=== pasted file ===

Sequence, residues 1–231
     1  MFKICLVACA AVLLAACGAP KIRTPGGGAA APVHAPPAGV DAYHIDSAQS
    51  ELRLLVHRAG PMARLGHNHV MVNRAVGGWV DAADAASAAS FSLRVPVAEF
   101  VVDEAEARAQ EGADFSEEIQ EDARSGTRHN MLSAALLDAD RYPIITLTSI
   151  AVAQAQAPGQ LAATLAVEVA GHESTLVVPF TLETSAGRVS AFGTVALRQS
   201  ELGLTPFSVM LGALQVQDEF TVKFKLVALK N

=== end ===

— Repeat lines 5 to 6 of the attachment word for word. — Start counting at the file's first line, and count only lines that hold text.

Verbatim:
   151  AVAQAQAPGQ LAATLAVEVA GHESTLVVPF TLETSAGRVS AFGTVALRQS
   201  ELGLTPFSVM LGALQVQDEF TVKFKLVALK N